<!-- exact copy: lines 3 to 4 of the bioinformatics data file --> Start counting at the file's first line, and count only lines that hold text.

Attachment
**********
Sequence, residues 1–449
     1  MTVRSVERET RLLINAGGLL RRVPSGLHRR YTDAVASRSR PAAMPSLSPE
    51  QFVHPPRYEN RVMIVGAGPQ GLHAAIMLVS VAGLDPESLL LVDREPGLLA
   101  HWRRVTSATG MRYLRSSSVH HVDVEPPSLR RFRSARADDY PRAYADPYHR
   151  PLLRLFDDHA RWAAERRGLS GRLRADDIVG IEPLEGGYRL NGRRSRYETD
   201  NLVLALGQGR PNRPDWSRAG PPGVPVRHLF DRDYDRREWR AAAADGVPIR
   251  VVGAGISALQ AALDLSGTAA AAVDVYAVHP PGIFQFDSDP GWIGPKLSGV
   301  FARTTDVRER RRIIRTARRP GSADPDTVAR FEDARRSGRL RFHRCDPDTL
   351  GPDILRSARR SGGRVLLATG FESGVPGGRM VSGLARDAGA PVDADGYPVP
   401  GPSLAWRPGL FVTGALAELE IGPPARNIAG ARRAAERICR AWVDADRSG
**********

    51  QFVHPPRYEN RVMIVGAGPQ GLHAAIMLVS VAGLDPESLL LVDREPGLLA
   101  HWRRVTSATG MRYLRSSSVH HVDVEPPSLR RFRSARADDY PRAYADPYHR